Glenwood Canyon I-70 closure looks to be a record | PostIndependent.com
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Glenwood Canyon I-70 closure looks to be a record

Scott N. Miller
Vail Daily
Rock falls continue to pummel Glenwood Canyon as the fire moves away Sunday near Glenwood Springs. With the vegetation burned away, nothing is there to anchor the rocks to the mountainside.
Christopher Dillman/Vail Daily

Through the years

2003: Weather closed portions of Interstate 70 between Morrison and Glenwood Springs for several days in March. A June sinkhole on Vail Pass also closed the highway for a time.

2004: A rockslide punched “van-sized” holes in the road deck of the westbound lanes in Glenwood Canyon.

2016: A much larger rockslide again punched holes in the upper (westbound) deck, resulting in a six-day closure and several weeks of various traffic configurations while repairs and rockfall mitigation were being done.

2019: Another rockslide in the canyon closed the highway for a time.

2020: Another canyon rockslide, another road closure.

Unlike baseball, which keeps statistics on virtually every aspect of the game, tracking highway closures is mostly a matter of web searching and memory. But the current closure of Interstate 70 in Glenwood Canyon is the longest in anyone’s memory.

The Grizzly Creek Fire sparked on Aug. 10. Tuesday marks the seventh full day that the highway has been closed, with no firm plans to reopen the road as active fire continues to burn on both sides of the canyon.

The previous “record,” Colorado Department of Transportation officials indicated at the time — at least since I-70 was completed through Glenwood Canyon in 1992 — was a six-day closure in February 2016 following a massive rockslide west of the Hanging Lake Tunnels.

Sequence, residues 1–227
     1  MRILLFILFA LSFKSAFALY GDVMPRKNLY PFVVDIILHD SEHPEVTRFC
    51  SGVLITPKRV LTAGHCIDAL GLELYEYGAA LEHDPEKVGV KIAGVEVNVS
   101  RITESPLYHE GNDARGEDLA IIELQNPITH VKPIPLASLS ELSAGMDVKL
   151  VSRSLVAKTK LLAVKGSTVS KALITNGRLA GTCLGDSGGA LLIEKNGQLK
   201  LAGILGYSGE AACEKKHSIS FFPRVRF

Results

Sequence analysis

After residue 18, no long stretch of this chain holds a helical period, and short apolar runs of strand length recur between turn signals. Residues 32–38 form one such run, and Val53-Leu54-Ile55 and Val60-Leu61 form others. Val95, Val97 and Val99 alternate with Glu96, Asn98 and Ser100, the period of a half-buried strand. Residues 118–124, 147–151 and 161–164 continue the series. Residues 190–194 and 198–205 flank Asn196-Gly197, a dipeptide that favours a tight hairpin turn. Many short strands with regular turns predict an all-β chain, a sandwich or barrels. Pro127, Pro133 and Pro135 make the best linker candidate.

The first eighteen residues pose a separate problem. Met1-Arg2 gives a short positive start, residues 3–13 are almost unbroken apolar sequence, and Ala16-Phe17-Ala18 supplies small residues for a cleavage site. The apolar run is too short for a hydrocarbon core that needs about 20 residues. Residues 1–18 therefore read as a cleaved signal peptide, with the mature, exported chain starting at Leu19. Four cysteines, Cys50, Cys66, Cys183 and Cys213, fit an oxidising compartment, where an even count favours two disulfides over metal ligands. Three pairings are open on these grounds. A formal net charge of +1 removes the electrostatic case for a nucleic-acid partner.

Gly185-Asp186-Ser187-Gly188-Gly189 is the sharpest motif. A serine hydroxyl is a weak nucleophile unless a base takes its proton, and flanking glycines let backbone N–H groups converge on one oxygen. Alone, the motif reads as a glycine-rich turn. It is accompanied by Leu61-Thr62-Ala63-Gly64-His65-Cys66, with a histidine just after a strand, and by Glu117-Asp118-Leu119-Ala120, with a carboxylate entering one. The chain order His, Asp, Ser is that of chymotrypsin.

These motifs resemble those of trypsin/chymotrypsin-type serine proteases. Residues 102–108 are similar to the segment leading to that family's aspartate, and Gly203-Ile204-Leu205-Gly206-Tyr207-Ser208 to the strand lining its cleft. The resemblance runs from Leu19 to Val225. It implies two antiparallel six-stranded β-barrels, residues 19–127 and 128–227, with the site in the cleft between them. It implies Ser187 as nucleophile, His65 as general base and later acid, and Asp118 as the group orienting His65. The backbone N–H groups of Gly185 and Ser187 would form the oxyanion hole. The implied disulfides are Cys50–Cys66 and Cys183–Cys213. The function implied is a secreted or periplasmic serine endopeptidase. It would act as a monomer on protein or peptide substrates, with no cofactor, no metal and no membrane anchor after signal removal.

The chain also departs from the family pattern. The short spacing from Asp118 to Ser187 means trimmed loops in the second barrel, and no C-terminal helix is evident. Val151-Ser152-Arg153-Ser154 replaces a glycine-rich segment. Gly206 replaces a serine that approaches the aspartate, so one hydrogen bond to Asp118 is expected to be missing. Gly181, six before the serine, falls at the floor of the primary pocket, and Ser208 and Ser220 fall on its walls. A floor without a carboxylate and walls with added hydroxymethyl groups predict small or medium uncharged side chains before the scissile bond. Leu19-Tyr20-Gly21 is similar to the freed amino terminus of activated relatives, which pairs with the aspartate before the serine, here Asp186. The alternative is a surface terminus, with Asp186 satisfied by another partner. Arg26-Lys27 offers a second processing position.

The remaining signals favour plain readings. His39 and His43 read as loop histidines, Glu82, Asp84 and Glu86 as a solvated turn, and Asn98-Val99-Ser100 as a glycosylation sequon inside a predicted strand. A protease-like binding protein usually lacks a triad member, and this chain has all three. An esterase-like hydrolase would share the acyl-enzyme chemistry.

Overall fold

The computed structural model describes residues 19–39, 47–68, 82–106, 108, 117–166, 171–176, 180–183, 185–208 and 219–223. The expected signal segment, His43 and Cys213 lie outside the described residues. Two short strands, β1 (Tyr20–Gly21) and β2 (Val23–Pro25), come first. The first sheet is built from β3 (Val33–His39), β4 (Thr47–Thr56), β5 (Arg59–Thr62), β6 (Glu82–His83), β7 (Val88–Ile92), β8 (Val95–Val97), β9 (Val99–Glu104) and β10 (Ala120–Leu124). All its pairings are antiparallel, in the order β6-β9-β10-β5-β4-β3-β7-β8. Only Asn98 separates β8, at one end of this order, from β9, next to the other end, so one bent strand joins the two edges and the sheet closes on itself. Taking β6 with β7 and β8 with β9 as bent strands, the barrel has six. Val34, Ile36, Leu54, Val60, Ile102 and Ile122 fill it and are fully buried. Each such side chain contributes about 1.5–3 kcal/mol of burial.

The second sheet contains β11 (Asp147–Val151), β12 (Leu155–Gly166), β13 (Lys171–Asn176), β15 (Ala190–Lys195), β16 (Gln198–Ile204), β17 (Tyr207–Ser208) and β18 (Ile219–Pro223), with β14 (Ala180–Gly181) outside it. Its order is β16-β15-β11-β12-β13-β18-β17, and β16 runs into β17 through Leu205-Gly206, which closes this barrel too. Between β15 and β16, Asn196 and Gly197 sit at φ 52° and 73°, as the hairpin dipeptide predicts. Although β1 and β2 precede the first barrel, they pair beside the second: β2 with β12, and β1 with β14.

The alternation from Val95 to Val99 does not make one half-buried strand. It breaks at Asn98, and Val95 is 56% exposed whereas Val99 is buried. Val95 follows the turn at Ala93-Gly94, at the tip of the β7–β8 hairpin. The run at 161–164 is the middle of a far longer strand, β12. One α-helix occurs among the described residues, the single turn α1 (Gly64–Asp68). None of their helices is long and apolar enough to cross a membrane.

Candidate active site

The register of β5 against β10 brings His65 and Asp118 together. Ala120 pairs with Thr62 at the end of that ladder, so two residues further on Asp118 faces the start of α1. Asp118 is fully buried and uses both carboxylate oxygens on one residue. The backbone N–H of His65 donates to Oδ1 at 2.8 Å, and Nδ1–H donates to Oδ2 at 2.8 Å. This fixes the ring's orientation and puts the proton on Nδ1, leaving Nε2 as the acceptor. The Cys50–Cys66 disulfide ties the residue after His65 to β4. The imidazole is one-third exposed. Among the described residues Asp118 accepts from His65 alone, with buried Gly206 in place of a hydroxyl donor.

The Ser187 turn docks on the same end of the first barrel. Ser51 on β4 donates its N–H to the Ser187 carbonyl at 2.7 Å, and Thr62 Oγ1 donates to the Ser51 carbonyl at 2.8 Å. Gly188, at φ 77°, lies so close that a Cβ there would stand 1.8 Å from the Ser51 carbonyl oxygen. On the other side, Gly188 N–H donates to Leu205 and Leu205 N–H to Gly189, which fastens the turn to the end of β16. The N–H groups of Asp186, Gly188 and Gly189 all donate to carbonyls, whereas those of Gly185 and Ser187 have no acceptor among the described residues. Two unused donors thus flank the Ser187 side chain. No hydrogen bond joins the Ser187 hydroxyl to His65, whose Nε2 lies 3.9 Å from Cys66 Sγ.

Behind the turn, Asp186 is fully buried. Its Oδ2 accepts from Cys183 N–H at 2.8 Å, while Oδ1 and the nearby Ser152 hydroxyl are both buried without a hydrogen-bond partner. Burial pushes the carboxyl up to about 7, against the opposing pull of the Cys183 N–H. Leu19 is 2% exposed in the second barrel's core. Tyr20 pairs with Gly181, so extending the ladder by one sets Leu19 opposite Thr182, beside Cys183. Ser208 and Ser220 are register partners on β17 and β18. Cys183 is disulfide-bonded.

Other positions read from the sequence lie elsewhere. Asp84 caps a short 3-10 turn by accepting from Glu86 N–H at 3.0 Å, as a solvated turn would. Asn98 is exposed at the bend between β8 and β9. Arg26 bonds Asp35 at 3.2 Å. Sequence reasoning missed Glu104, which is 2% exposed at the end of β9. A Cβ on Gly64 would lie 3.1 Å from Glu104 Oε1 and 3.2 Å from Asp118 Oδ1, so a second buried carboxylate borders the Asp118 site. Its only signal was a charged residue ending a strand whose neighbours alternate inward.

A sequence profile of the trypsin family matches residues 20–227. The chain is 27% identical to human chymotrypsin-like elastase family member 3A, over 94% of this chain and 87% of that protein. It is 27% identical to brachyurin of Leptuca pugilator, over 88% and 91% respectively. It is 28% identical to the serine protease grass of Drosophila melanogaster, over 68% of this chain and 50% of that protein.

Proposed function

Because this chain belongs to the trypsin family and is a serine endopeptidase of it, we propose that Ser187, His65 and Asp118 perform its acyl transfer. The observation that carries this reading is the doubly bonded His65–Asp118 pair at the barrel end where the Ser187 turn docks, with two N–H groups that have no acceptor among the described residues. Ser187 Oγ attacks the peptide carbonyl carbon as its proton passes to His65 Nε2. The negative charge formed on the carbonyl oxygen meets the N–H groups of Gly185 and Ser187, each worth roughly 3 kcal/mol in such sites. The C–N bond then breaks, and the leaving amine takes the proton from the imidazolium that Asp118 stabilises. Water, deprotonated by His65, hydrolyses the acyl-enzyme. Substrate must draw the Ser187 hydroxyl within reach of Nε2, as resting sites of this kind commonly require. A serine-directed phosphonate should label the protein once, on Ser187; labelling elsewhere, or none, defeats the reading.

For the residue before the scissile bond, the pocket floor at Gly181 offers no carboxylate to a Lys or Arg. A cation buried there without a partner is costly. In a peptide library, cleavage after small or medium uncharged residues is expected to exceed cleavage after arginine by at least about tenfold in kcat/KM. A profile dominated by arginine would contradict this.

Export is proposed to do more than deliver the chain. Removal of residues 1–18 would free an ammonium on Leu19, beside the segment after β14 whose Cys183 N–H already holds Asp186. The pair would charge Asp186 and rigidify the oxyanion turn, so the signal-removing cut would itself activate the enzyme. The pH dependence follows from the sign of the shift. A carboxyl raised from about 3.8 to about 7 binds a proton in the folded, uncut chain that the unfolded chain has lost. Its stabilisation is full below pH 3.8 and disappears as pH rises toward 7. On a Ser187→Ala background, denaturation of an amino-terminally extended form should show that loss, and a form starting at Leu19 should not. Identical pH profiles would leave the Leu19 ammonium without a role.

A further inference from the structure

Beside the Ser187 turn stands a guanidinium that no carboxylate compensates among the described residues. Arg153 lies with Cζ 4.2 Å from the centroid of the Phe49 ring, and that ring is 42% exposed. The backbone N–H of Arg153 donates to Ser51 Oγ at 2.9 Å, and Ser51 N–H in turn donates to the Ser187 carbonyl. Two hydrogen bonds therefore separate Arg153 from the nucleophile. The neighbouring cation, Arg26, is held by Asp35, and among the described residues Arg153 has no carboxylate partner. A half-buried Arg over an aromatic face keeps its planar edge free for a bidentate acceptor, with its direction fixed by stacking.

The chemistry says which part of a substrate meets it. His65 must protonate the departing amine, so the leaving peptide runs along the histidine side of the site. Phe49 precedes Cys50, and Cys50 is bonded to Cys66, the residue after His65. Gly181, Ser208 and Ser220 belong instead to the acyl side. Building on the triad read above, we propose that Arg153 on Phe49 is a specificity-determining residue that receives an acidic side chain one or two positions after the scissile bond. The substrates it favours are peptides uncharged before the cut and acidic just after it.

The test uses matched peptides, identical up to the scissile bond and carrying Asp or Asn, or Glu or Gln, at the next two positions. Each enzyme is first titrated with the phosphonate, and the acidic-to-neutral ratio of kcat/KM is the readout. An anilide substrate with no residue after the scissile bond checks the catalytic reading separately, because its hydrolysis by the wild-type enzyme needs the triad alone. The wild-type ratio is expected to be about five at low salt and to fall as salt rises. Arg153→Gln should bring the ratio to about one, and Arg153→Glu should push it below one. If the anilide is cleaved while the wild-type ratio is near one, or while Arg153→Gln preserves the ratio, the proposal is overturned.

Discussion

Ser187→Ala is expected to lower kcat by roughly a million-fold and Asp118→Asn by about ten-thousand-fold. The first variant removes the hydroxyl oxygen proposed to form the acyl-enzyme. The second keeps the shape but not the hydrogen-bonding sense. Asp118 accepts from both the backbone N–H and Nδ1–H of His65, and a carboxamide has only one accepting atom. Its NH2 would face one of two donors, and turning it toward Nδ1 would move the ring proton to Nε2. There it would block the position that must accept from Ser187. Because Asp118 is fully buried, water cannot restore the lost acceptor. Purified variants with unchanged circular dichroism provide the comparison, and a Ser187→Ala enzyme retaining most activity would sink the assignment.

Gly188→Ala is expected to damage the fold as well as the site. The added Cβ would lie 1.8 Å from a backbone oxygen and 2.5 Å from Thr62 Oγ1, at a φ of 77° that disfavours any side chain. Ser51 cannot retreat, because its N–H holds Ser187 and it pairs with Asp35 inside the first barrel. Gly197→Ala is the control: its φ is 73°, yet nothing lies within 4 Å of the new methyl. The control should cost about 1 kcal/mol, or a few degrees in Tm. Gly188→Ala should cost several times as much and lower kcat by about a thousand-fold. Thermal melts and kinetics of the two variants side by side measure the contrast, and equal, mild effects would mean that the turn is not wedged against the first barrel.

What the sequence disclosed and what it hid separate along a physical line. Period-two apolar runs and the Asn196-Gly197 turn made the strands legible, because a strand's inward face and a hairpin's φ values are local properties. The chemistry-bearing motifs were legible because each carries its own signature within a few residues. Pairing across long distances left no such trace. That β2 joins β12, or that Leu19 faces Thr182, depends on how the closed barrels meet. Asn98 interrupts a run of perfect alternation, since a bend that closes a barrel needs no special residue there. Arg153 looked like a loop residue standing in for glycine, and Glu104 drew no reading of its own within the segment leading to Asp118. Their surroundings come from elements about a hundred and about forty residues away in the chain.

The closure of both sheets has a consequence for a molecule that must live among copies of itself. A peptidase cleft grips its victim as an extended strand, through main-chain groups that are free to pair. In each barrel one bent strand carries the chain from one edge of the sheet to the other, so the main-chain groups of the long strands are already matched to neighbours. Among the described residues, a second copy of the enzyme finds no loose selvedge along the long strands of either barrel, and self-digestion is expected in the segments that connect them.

The federal government kicked in $1 million to help cover the estimated $2 million-$5 million cost to repair damage on Interstate 70 in Glenwood Canyon caused by the Feb. 15, 2016 rockslide that closed the interstate for nearly a week.
Chelsea Self / Post Independent |

The I-70 mountain corridor from Morrison to Glenwood Springs closes down from time to time, usually due to rockslides, avalanches or weather. But those closures usually don’t last long.

“We’d usually tell guests, ‘They’ll get it open in an hour or two,’” said Rob LeVine, former general manager of the Antlers Lodge in Vail. LeVine noted the closures due to avalanches in the winter of 2018-19, but even those closures were relatively short-lived.

A string of storms in March of 2003 created what was then called a “record” closure of the highway through the mountains at that time. The highway was closed, off and on in spots, from Morrison through Glenwood Springs several days beginning March 18 that year.

Plenty of rockslides

Late winter and early spring generally brings rockslides to the high country. Given the topography of Glenwood Canyon, the interstate there is particularly prone to falling rocks.

A big rockfall in 2004 closed the highway for a time, and the westbound lanes for a few weeks. That rockfall punched “van-sized” holes in the road deck of the westbound lanes. Both eastbound and westbound lanes were closed for more than 24 hours.

Roughly the same thing happened in 2016, resulting in the six-day closure and months of traffic controls; then again in 2019, and in March of this year, which resulted in shorter closures.